Donald Trump Jr. spoke to a mostly-empty arena in Pikeville Thursday afternoon, hoping to muster support within a historically Democratic county for the reelection of Republican Gov. Matt Bevin.
Like much of Eastern Kentucky, Pike County has long been a Democratic stronghold, but swung to the right during the last presidential election in a landslide victory for President Donald Trump.
Bevin won Pike County four years ago with 54.8% of the vote, but he narrowly lost Pike County and many other Eastern Kentucky counties to a lesser-known opponent during the 2019 Republican primary. He received fewer votes in Floyd, Johnson and Pike counties than Democrat Rocky Adkins, the most popular candidate within the region. Adkins lost to Attorney General Andy Beshear statewide.
As Bevin ramps up his reelection efforts, Trump Jr.’s visit illustrates his attempt to lean on President Trump’s popularity as he attempts to win over Registered Democrats who voted for Trump.
During the rally, Trump Jr. acknowledged this dichotomy to the crowd, saying he understood the cultural implications of the region’s historic alliance with Democrats, but that “this is not your grandfather’s Democratic Party.”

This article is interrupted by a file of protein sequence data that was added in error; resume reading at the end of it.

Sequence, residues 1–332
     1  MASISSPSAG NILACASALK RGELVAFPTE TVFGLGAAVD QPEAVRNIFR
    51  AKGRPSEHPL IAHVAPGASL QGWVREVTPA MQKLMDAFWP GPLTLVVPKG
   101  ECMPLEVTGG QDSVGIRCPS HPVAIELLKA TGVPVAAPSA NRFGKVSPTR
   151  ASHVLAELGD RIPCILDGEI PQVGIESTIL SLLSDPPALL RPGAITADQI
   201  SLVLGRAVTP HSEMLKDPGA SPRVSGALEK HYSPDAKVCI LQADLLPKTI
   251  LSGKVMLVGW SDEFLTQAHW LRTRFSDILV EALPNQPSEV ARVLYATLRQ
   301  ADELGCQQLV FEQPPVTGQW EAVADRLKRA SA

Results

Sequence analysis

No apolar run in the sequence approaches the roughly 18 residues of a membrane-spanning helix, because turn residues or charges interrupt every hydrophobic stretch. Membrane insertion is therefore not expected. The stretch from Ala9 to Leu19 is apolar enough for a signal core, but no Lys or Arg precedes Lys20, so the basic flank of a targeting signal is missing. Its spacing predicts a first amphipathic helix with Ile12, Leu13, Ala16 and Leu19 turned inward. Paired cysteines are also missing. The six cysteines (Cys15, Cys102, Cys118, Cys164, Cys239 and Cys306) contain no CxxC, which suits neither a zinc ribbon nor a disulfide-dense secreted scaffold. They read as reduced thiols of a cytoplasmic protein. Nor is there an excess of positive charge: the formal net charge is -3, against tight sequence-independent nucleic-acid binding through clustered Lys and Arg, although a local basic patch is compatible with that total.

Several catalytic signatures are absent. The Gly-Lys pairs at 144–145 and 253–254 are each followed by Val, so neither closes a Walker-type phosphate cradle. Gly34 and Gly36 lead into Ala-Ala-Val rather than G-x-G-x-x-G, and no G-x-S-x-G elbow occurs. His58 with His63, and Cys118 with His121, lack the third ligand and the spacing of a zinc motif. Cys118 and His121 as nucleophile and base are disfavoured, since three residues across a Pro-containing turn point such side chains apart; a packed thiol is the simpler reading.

Trump Jr. spoke mostly about the successes of his father as president. He railed against Hillary Clinton and the investigation of Russian interference in the 2016 election by Robert Mueller, and against the media’s perceived bias against Trump.
In an area ravaged by the continuous decline of coal production, Trump Jr. also touted his father’s attempts to bolster economic growth within the manufacturing and energy sectors. He complimented Bevin for similar efforts within Kentucky.
“Bevin is selling Kentucky and bringing jobs here,” Trump Jr. said.
In Eastern Kentucky, though, unemployment figures have remained well above the statewide and national averages, and the number of coal jobs has declined since Trump took office.
Still, some voters said Trump and Bevin are the candidates most likely to bring much-needed economic growth to the region.
Robert and Sandy Skeens, who live in Floyd County, said they switched parties from Democrat to Republican in order to vote for Trump during the last presidential primary.
Robert Skeens, a coal miner who was laid off from one job during the administration of President Barack Obama, said he believes Bevin is committed to bringing jobs to Eastern Kentucky, and will vote for him in November.
“People were tired of what was going on,” Skeens said, referring to his switching of parties.
Patricia Nelson, a Democrat from Paintsville, said she thinks Trump’s support of Bevin will help give him the upper hand within Eastern Kentucky.
Nelson voted for Trump and Bevin during each of their last elections.
“I vote for the person who is going to do the best job,” Nelson said.